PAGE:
The greatest threat to the safety and liberty of the American people is recognized by very few. Though formidable in their own right, this hazard is not posed by any state among the new class of rising great powers. Nor is the great danger to be found among transnational terror networks, violence caused by religious extremism, or the anarchy of ethnic upheaval. Nuclear proliferation, ecological crisis and the rise of biological weaponry, though all proper cause for consternation, pose a challenge dwarfed in many ways by the task set before us.
This is because these dangers and perils are but a subset of a much larger problem – the outgrowths of a crisis that threatens to engulf the entirety of America's strategic decision making machinery. If the United States has any hope of maintaining its elect position over the course of the following century, this crisis must be recognized and resolved.
And it is a crisis that lies within ourselves.
It is time for serious analysts of American civilization and concerned citizens of the United States to recognize two uncomfortable truths about the republic in which they dwell. These truths, disturbing to accept, are entwined evils which underlay the Republic's current and coming decay.
The American Republic is no longer governed by the people. The rule of the people has been replaced by an oligarchy of well meaning elites. Not limited by professional divides, these men occupy the vaulted halls of business, media, politics, and academia; they are united in only their unshakable faith in their own beneficence. Entirely sure of their ability to cast a society better than that which already exists, these elites are uncomfortable with democratic accountability or financial liability, and constantly seek opportunities to free themselves from both. This desire to be free from the censure of their countrymen easily translates into a bunker mentality that views individual empowerment, decentralization, and meritocracy as assaults on their power and influence. Unabated social stratification, the erection of barriers to political and economic participation, and the implementation of incomprehensible, unreasonable, and ultimately self-serving regulations are the consequences of this paternalistic culture.
Living lives that are isolated from their fellow citizens, the identity of the elite is formed along lines of privilege and class, not ties of community and country. Unsurprisingly, the oligarchy of good intentions has difficulty demarcating the divide between special and national interests. Nor can they be expected to construct sustainable solutions to the problems faced by the nation; a ruling class who has made a lifestyle of shifting blame is not an instrument suited to complete such tasks.
The people have no desire to govern America's Republic. The oligarchy of good intentions maintains its dominance over society by claiming that its members are the sole possessors of the knowledge needed to hold the reigns of enterprise and state. This claim is for the most part true. Across the board, Americans are woefully ill informed in the fields of science, civics, and history. The worldview of the average citizen is provincial, the media he consumes even more so. There is little indication this will change any time in the near future. To the contrary, the population of the United States is marked by a multi-generational decline in political participation matched only by the nation's falling levels of civic engagement. With pure passivity the public gazed on as its access to the conduits of power were cut off one by one; without raising a voice in protest the people have have seen their liberties stripped away. Those few items that can capture the interest of the citizenry are petty – popular public discourse is but a competition to see who can fit the most theatrics into a seven second sound bite, politics but a never-ending game of governmental “Gotcha!” Such is needed to keep the attention of a population obsessed with the flashy and trivial; the affairs of the country one has no affection for pale in comparison to the allures of the circus. Bread also has a part to play: in an age where voluntary associations have collapsed and economic disparity is growing, every trial and tribulation has become a problem best solved by someon else.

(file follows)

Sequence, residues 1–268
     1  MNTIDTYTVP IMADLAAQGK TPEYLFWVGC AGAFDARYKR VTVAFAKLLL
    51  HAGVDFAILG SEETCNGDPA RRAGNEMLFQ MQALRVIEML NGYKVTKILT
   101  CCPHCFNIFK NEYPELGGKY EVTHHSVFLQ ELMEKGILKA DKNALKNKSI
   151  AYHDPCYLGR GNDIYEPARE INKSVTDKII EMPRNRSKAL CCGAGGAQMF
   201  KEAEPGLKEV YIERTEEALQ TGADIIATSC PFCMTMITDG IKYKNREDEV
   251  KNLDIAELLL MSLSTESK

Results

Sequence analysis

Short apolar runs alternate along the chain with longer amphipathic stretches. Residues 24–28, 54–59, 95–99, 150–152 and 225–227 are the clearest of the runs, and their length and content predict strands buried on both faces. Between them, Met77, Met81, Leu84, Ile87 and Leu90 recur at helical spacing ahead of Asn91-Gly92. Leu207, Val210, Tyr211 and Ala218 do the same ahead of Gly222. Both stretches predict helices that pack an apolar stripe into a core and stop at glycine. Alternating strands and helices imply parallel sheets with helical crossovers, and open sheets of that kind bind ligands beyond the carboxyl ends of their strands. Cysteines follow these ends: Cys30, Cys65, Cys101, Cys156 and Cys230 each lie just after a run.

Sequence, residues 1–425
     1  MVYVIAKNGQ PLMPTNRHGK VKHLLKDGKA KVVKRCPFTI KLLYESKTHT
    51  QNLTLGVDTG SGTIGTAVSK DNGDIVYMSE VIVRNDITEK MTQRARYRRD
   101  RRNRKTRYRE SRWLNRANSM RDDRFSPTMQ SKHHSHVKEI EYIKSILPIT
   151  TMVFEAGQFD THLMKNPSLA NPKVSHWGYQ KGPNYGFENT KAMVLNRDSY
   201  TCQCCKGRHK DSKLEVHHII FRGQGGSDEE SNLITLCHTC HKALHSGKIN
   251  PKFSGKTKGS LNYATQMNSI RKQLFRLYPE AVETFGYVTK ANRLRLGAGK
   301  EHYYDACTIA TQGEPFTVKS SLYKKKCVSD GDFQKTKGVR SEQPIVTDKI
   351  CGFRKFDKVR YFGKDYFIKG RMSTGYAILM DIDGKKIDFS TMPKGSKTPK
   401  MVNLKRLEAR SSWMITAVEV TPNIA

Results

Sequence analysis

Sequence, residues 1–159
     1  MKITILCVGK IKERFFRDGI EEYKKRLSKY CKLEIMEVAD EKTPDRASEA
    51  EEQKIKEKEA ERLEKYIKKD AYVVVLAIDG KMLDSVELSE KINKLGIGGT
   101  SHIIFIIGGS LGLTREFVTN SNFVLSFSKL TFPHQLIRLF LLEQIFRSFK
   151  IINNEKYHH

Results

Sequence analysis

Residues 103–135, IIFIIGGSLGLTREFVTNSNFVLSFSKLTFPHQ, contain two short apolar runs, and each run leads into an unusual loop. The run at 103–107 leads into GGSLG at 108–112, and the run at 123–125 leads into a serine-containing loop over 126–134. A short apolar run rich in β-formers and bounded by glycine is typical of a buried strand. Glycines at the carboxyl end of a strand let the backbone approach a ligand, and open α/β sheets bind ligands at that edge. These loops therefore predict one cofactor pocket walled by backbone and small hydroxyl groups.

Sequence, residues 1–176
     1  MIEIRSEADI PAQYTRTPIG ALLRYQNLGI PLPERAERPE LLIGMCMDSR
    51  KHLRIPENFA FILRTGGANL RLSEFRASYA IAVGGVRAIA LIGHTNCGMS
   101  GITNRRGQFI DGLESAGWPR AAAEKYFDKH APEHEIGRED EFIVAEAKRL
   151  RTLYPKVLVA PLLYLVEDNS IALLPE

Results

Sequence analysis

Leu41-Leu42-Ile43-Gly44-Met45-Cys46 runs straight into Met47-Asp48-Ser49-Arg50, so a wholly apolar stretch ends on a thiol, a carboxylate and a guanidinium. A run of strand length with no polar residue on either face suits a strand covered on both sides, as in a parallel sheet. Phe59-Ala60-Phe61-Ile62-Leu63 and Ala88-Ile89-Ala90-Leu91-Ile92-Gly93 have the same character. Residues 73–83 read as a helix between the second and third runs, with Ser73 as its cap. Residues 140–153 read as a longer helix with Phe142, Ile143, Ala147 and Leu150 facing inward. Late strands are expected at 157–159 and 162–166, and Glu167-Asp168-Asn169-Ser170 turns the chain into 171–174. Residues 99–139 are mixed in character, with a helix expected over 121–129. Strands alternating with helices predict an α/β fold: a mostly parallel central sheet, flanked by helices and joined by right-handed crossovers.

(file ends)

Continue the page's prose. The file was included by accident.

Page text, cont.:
This was a role the oligarchs were all too happy to fill. When they did, American society underwent an incredible cultural transformation. Her people are no longer citizens – they are subjects. The United States is a nation of sheep being led to the slaughter. The few who recognize this are paralyzed, unable to proceed in an environment where protests are useless, the people's will is ignored, and the sheer scope of the corrupted institutions make anything short of revolution a half measure.
The hazards found in this system of oligarchy are not difficult to see. Plato's philosopher-kings these men are not. Mired in factional infighting and entrapped by special interests, the elite are unable to form a clear image of reality. The citizenry, in turn, are too ill-informed to hold the elite accountable for their failure. In this lies the source of the last quarter century’s strategic malaise; her ability to observe and orient destroyed, America has become a blind Goliath, stumbling from one international crisis into another. This sorry state will remain her fate as long as society's ship is captained by a class of oligarchs who remain hostile to the innovations necessary for success in an age defined by networks, rising powers, and instantaneous exchange. Of these things the ruling class does not care – they are too busy skimming the project's profits to bother with steering us away from the rocks and shoals of the future.